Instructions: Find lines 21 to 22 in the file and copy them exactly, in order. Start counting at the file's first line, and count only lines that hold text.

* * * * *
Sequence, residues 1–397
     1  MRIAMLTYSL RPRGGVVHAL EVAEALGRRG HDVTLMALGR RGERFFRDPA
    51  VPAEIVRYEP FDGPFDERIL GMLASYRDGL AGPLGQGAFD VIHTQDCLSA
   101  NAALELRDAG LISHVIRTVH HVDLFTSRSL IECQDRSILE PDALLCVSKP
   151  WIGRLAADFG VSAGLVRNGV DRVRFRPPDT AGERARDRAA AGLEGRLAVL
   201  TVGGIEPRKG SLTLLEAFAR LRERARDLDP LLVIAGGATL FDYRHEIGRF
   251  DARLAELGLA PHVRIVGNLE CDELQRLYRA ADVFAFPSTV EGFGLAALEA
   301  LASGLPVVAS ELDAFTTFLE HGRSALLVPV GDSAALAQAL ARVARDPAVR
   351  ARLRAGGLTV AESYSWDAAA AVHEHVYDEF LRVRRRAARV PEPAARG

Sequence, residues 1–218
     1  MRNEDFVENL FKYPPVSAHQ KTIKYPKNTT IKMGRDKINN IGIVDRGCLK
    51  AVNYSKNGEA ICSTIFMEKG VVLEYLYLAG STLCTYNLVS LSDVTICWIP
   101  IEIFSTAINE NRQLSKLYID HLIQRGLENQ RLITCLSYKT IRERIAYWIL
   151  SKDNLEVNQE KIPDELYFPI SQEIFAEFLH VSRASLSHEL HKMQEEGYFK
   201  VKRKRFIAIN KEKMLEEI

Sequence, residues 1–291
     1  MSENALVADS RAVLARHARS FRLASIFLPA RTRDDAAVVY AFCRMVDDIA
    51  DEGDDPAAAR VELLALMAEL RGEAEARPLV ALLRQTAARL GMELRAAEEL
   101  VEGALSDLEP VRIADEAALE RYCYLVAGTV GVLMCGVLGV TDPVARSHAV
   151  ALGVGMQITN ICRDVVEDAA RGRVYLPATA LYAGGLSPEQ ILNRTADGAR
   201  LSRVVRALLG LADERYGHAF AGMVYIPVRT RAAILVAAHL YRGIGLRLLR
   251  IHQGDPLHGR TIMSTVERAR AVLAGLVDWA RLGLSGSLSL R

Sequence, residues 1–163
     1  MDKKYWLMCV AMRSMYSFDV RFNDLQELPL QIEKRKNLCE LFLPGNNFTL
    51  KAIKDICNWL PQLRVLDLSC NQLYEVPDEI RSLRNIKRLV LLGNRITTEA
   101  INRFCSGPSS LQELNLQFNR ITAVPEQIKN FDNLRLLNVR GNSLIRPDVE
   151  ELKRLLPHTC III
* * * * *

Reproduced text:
   201  LSRVVRALLG LADERYGHAF AGMVYIPVRT RAAILVAAHL YRGIGLRLLR
   251  IHQGDPLHGR TIMSTVERAR AVLAGLVDWA RLGLSGSLSL R